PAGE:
The Des Plaines River begins in Racine County, Wisconsin and flows south into Illinois as a small prairie stream.
It runs approximately 95 miles through four counties in Illinois to its confluence with the Kankakee River at Channahon, where it forms the Illinois River. Along the water trail, it changes its character (and legal classification) from a prairie stream to a large urban river, and then to a major industrial waterway.
At its headwaters, the Des Plaines River, like all rivers in Wisconsin, is considered “navigable” and legally accessible by the public. When the river enters Illinois, it becomes a “non-navigable” river until it reaches Riverside, just north of Ogden Avenue. Here, it once again becomes a public and navigable waterway to its end at the confluence with the Kankakee River.
Fortunately for recreational users, Lake and Cook County Forest Preserve Districts have protected long stretches of the river by developing a Des Plaines River greenway and bike path along its banks. They are in the process of implementing a plan to link all the forest preserves with a regional greenway trail, and have developed and promoted the recreational use of the river by creating canoe launch sites on the northern and middle section of the river. The lack of trailered-boat ramps makes this long river a quiet, beginner, and family-friendly river, free of noise and the challenges of coping with powered boat use. Depending on water levels in the Lake County portion, however, additional portages may be required.
Lake County Forest Preserves offers canoe and kayak safety instruction.
North Section—From the Wisconsin state line at Russell Road in Lake County to the Allison Woods Canoe Launch in northern Cook County, a number of developed canoe launches and undeveloped access sites form the basis of the trail system.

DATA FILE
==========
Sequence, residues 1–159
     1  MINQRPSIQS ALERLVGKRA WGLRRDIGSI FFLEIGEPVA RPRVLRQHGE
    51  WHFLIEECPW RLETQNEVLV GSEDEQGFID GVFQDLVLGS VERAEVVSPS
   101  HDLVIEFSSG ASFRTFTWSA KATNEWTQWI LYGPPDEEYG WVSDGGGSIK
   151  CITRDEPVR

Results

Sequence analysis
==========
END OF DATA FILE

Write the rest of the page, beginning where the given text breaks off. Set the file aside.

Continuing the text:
Middle Section—Through much of the Cook County section of the river, high banks and no official launch sites make the river more difficult to access. However, the Forest Preserves of Cook County has improved the launch at Dam 2, and has created launches at Northwestern Woods and Irving Park Road, improving access to this portion of the river.
New Launch at Maywood Grove—Forest Preserves of Cook County has opened a new access point to the Des Plaines River for canoes and kayaks! The new launch is located on the western bank of the Des Plaines at Maywood Grove Forest Preserve in Maywood. We are thrilled to see the new launch as it will improve access to the river for so many paddlers!
As the paddling movement grows locally, it is so important to have easy access to the rivers for first-time paddlers and experts alike. The new launch at Maywood Grove is an accessible way for everyone to experience a river that has had an immense impact on shaping both our region, and its landscapes and geology. The Forest Preserves also use this launch for a community paddling program in the Maywood area.
Lower Section—Of particular interest in this section is the historic Isle a la Cache. Here, on an island near Romeoville, a Will County Forest Preserve District canoe landing and museum make an interesting stop for a trip on the lower section. Safety considerations around the Metropolitan Water Reclamation District controlling works at Lockport, industrial barge traffic downstream of the confluence with the Sanitary and Ship Canal of the Illinois Waterway, and the Brandon Locks in Joliet make this last section of the river more difficult to develop for general public recreational use.
Until very recently, the Des Plaines River had over ten dams along its length. Originally installed for purposes related to agriculture, recreation, and sanitation, the dams created a safety hazard for paddlers, impeded the passage of aquatic life, and lowered water quality. The Des Plaines is now returning to a free-flowing river as these dams are removed.